Nestled in a leafy south Birmingham suburb, this beautiful, ornate Orthodox Church is home to one of the largest Serbian communities in the UK.
Most people who live in and around the Birmingham suburb of Bournville will have regularly passed Lazarica Church without a second thought – its unassuming facade a stark contrast to the intricate, ornamental frescoes adorning its interior walls. Lazarica, an important hub for the Serbian community, is dedicated to the Holy Prince of Lazar of Kosovo, whose relics lie within the church foundations.
Birmingham’s Serbian Orthodox Church of the Holy Prince Lazar is a beautifully constructed purpose-built church and was the first of its kind in the UK. Built in 1968, the church came as a result of many Serb exiles being recruited from the former state of Yugoslavia and World War II displaced person camps, creating a new community in the process.
Father Nenad, The Very Reverend, explains how the Serbian community will get together to celebrate the church’s anniversary: “We start our celebrations with the doxology of the four bishops on 5th October,” explained Fr Nenad. “After that, the second celebration brings five choirs from Birmingham and one from Serbia together to perform sacred orthodox music.”
“The next day we have the morning service, after that the official visit of bishop Jonathan Goodall [Church of England bishop], followed by a visit to Coventry Cathedral. On Sunday [7th October] we welcome the Patriarchs from Serbia; then we all go to Droitwich Spa for dinner, traditional dancing and singing.”
The church itself is a unique example of 14th-century Byzantine-inspired architecture, with various religious scenes depicted in its colourful medieval-style frescoes and al secco paintings upon the walls and ceiling. The marble floors and walls, sandstone columns, walnut furniture and candelabra were all brought from the former state of Yugoslavia and bear a symbolic relationship with sacred places there.
Perhaps the most striking of Lazarica’s frescoes is the large mural of Jesus that sits above a circle of dangling lights in its dome, but the entire church tells its own story. “On one side is the crucifixion; they start with the last supper and end with putting the body in the tomb,” explains Fr Nenad. “Opposite the crucifixion is the resurrection and everything that happened in the Pentecost and the Day of the Holy Trinity. On the west side is the story of Mary and what happened from when she was born until the end of her life.”
Following World War II, many Serbians were recruited from displaced person camps in Germany to work on essential trades in the United Kingdom, such as coal, steel and medicine. Around 10,000 Orthodox Serbs ended up in the UK, most of whom lived in temporary accommodation, and their religious services took place at Anglican churches and hostel chapels.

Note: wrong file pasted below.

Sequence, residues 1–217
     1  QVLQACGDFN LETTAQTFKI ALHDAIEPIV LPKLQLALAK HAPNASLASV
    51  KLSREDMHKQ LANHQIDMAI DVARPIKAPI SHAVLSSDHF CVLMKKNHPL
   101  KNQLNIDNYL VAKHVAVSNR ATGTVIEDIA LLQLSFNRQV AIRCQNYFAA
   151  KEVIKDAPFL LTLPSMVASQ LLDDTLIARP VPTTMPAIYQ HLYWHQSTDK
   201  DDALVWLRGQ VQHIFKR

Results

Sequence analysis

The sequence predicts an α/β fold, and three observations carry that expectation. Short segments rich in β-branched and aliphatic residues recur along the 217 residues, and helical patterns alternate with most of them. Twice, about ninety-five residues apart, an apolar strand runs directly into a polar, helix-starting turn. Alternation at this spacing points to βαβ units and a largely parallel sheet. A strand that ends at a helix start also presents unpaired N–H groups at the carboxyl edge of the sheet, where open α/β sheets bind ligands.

As demobilisation of the British Armed Forces began, labour shortages were not as demanding, and the Serbian immigrants were allowed to find more congenial employment and achieve permanent residency. This led to most immigrants heading towards the UK’s most industrial cities and towns – like Birmingham – for work.
In 1954, a residential property was purchased in Cotteridge for the priest at the time, Fr Radovan Miljković, who scoured the country to gather Serbian Orthodox exiles in the Midlands. A small chapel was consecrated in 1959, but it soon became too small as the parishioner numbers grew rapidly. A new site was found around 1.2 miles (1.93 kilometres) away, which was owned by the Cadbury family, and the land for the church that stands today was officially purchased.
Lazarica Church’s foundation stone was placed in 1965, with the construction of the church completed in 1968. Approximately 6,000 people witnessed the consecration of Lazarica Church, which is quite a large number considering only 10,000 Serbian people were recruited to the UK following World War II.
Birmingham’s Serbian community is still thriving – mostly thanks to Lazarica Church. “Every Sunday we have approximately 150-200 people in the service,” says Fr Nenad. “Birmingham was, and is, the centre of the Serbian community in the West Midlands; we have approximately 300 Serbian families in Birmingham.”
“Our community is keeping the Serbian language – a Cyrillic language – alive. They’re keeping the Orthodox faith, but they’re also enjoying friendship with our neighbours. And we have a lot of support from them.”
Thanks to the Bournville Village Trust, the philanthropic Cadbury family, the late Midlands industrialist Sir Alfred Owen, the late Fr Milenko Zebić and his exiles who worked hard to build the church, the legacy of Lazarica still stands proudly today.
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